What does an old tank and a recycled fence have to do with growing your own food? A lot! If you are interested in doing more with less and saving water that is. We spent the recent Recreation Day long weekend making several wicking beds for one of our favourite 'clients', Aunty Trish. Trish is renting her home but wanted to get more our of her garden. So we designed a plan featuring containerised plants that could be transported if and when Trish has to move out of that home.
Do not worry, this is Gabrielle's (not Pandora's) box. If you are interested in growing your own vegies, then you may want to take a peek inside. By now, most of you have probably cottoned on that this is indeed a box for storing seed. Until recently, I have been storing our seeds in an old food safe in a cool, dry place in the house. This arrangement has worked quite well until now, with the seeds seemingly remaining viable. However, it was getting a little messy in this saf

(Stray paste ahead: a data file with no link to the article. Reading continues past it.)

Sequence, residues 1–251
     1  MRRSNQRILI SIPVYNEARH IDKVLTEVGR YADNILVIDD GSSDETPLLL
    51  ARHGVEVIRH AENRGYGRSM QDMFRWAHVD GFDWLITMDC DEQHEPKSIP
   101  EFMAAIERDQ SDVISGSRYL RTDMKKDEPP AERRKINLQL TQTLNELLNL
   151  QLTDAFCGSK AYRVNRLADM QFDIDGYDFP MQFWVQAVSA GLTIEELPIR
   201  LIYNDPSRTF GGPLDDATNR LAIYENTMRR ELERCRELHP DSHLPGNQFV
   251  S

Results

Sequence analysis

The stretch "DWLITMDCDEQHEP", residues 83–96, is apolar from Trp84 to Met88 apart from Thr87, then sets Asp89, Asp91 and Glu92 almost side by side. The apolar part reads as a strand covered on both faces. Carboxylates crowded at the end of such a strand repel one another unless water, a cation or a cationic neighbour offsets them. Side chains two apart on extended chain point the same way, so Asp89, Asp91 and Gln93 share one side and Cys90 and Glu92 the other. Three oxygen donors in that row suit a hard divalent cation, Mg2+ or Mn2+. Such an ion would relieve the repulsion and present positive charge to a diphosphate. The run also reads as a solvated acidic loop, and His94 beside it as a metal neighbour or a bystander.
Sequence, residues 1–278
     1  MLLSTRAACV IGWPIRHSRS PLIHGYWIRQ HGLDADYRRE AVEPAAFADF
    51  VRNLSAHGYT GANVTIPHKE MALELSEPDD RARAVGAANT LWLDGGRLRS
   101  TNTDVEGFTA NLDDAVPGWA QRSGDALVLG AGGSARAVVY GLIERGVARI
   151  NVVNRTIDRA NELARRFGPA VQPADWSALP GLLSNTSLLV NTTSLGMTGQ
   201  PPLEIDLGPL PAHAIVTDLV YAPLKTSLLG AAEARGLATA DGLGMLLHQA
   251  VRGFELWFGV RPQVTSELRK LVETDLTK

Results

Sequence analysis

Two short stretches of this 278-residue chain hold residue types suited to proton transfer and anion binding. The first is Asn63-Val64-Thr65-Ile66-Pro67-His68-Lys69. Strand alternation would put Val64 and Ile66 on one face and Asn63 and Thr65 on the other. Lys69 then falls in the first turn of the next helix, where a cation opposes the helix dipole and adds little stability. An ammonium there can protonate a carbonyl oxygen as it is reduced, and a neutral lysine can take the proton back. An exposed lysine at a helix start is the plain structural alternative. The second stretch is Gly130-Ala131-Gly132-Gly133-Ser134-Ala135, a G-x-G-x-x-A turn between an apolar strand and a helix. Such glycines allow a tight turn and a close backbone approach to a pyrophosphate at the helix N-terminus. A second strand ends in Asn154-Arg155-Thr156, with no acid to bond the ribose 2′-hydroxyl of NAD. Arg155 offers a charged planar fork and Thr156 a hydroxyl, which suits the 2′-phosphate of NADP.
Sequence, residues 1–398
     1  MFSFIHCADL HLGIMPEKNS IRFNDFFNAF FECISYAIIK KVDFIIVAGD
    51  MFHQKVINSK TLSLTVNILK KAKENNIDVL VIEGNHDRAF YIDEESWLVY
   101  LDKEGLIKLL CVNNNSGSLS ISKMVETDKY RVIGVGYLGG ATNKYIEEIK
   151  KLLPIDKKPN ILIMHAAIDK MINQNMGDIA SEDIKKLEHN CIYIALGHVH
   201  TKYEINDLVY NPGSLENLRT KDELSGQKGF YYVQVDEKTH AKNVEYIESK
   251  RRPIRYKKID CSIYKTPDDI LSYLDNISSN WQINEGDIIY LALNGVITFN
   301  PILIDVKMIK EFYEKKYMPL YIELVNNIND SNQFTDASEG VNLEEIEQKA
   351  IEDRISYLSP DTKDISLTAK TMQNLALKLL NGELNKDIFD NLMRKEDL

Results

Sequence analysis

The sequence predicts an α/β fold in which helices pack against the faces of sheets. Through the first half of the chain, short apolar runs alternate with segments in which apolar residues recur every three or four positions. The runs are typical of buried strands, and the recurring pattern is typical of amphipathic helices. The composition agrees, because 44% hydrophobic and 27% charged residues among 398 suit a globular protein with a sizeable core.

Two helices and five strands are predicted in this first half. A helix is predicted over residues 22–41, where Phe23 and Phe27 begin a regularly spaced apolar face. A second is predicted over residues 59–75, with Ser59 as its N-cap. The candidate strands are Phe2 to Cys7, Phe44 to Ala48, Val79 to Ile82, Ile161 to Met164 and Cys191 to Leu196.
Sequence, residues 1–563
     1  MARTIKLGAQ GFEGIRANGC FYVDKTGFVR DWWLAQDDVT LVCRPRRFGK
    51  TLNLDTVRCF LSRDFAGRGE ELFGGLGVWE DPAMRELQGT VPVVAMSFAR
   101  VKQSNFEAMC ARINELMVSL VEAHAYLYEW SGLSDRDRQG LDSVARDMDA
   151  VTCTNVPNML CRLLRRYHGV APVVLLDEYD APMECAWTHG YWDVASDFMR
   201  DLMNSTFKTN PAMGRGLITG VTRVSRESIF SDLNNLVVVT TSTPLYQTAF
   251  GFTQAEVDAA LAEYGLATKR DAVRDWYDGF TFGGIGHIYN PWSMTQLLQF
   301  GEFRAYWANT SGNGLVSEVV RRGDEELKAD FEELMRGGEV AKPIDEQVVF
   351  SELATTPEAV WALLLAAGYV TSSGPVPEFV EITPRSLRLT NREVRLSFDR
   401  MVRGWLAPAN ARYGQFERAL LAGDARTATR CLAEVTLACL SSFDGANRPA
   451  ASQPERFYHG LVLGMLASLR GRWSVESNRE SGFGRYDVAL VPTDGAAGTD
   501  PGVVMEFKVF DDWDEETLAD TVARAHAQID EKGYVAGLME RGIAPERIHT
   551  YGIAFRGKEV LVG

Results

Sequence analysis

We recently built a mini greenhouse to fit on our balcony so that we could get a head start on our summer seedlings. Every construction or woodwork project can be thought of as an architectural project, no matter how big or small. I like to use SketchUp to plan my project. SketchUp is a 3D modeling computer program for drawing applications including architectural, interior design, landscape architecture, civil and mechanical engineering, film and video game design. I can draw
How does the heat pad we use to germinate seed also help us to make the most beautiful homemade bread? This is a story all about bread, yet it starts with a device associated with gardeners, not bread-makers. Yes, the humble heat pad. This is an essential item in our home for germinating seed, especially when we try to get a head start on summer crops like tomatoes. And without it, I just would not be able to make bread. Any bread maker who lives in a cold house needs a heat